Unique architecture is found on the pages of the portal Beautiful country house very often, but in these cases we are talking, as a rule, about the masterpieces of the past or high-tech projects of the present. But today we're going to talk about some truly incredible residential buildings.
Palaces and caves, tree houses and snow huts… All over the world people live in strange dwellings. Here are just a few of the strangest projects from around the world.
And here is the Heliodome, a bioclimatic solar home not far from Strasbourg in eastern France. It's built to look like a giant three-meter sundial, set at a specific angle to the sun. In the summer there is always a pleasant coolness, and in the fall, winter and spring the sunlight penetrates through the large windows, thus heating up the rooms of the house.
This interesting house is built on a rock in the middle of the Drina river, near the Serbian town of Bajina Basta. Construction began in 1968 when the project – a group of young and brave architects – decided that a rock on the river would be the perfect place for a small house.
These homes in Socuéllamos, central Spain, are made from old wine barrels. About 40 people, mostly ethnic Turks from Bulgaria, live in this temporary camp for six weeks during the grape harvest. At night they sleep in car-sized vats that were once discarded but found a second life as worker housing.
Not wanting to keep up with China's skyscrapers, these two seemingly unstable houses were built on the roof of a factory building in Dongguan (Dōngguǎn). Construction completed two years ago. However, according to Chinese media, city officials announced that the size of the house does not match the size declared in the documents. Thus, the buildings are considered illegal.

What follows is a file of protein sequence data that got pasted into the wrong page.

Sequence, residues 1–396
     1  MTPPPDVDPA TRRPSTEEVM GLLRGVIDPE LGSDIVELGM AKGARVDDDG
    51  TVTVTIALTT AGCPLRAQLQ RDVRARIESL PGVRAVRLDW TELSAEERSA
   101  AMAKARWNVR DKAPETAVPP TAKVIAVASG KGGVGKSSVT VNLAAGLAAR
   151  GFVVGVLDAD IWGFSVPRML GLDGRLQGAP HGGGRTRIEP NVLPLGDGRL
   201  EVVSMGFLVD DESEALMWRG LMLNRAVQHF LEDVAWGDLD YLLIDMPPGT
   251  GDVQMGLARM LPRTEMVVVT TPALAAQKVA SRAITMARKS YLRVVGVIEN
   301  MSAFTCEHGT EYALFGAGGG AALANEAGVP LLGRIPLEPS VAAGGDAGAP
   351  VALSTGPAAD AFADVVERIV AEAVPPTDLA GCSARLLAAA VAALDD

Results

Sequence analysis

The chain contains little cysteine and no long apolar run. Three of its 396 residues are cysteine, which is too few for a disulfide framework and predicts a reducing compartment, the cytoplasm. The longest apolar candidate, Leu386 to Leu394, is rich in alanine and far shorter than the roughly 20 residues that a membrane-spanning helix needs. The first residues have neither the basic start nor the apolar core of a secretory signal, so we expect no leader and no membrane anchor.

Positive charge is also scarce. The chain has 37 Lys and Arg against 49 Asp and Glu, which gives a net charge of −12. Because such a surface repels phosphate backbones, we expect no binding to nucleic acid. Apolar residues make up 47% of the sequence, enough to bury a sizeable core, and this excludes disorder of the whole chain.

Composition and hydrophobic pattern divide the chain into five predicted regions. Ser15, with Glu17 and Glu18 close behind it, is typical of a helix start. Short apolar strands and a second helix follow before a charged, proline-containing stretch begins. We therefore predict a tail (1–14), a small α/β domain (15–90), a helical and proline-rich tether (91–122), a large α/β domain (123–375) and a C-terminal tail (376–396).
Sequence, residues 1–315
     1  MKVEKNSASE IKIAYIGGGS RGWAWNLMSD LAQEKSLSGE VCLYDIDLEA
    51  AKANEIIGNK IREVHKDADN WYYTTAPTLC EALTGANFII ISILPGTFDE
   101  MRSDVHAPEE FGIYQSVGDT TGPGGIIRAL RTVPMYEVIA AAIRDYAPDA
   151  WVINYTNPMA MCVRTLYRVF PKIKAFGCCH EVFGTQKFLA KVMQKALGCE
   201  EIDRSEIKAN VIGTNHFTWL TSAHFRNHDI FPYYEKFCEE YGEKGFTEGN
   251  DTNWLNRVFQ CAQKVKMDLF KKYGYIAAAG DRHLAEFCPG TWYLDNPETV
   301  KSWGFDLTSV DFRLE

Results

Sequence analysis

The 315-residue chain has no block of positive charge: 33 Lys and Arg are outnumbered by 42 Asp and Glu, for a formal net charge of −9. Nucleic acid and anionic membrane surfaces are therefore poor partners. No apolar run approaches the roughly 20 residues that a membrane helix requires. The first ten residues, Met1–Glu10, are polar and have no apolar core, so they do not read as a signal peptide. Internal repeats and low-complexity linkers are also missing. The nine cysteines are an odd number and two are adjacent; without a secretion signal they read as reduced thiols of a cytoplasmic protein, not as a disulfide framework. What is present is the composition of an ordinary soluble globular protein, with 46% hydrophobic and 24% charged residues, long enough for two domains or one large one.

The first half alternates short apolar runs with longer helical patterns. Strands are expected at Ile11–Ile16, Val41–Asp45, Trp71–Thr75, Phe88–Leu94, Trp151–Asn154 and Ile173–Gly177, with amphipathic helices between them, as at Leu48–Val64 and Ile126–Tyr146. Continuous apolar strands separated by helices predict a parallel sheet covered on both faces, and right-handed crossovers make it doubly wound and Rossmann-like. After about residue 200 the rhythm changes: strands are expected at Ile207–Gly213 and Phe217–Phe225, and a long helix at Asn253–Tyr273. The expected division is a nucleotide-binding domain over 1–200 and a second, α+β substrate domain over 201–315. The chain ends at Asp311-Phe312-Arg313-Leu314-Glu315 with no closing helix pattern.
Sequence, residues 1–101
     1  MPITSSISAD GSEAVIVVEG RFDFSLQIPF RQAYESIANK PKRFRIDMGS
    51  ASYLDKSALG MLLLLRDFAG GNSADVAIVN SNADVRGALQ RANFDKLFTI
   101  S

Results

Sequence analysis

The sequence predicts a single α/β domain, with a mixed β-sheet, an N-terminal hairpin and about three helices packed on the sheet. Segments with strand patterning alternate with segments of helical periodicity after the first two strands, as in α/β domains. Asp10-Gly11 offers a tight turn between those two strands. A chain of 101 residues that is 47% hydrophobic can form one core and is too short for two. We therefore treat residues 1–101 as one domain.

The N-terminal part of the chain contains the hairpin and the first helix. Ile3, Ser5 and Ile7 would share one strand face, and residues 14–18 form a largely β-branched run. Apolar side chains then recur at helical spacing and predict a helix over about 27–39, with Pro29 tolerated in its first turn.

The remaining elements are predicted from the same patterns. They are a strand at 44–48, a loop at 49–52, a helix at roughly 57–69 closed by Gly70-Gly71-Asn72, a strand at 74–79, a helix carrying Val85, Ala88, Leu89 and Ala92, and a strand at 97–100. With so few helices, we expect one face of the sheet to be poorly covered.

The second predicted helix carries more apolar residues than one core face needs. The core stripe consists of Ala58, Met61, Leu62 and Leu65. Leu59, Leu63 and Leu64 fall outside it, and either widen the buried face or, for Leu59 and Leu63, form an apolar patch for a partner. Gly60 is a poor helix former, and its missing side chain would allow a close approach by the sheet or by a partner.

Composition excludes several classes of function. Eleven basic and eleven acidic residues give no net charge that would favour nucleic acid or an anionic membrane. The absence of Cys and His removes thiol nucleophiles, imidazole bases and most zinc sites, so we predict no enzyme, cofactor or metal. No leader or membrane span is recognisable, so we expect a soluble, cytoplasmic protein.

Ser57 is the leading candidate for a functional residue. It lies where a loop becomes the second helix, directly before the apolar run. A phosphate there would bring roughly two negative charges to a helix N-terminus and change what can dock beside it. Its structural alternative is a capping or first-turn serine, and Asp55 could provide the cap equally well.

Thierry Atta sweeps the yard of his crocodile-shaped house in the capital of Côte d’Ivoire. He was a student of the artist Moussa Kalo, who designed the project and started construction. Two months before construction was finished, the architect died. The project was completed by Atta himself.
Hong Kong architect Gary Chang relaxes in a hammock in his 100 square meter apartment2. He spent his entire childhood in a square house just like this one. And here he has created an eco-friendly, high-performance dwelling with moving walls that allow the apartment to be reconfigured to meet different needs.
"The Rock" – that's what the 15 Mormon families who live there call this house. Home near Canyonlands National Park, Utah. This apartment complex was created about 35 years ago in a layer of sandstone, the cavities in which were blown up specifically for this construction.
These 70 domed homes were built by American company Domes for the World for villagers who lost their homes after the 2012 earthquake in Jakarta, Indonesia.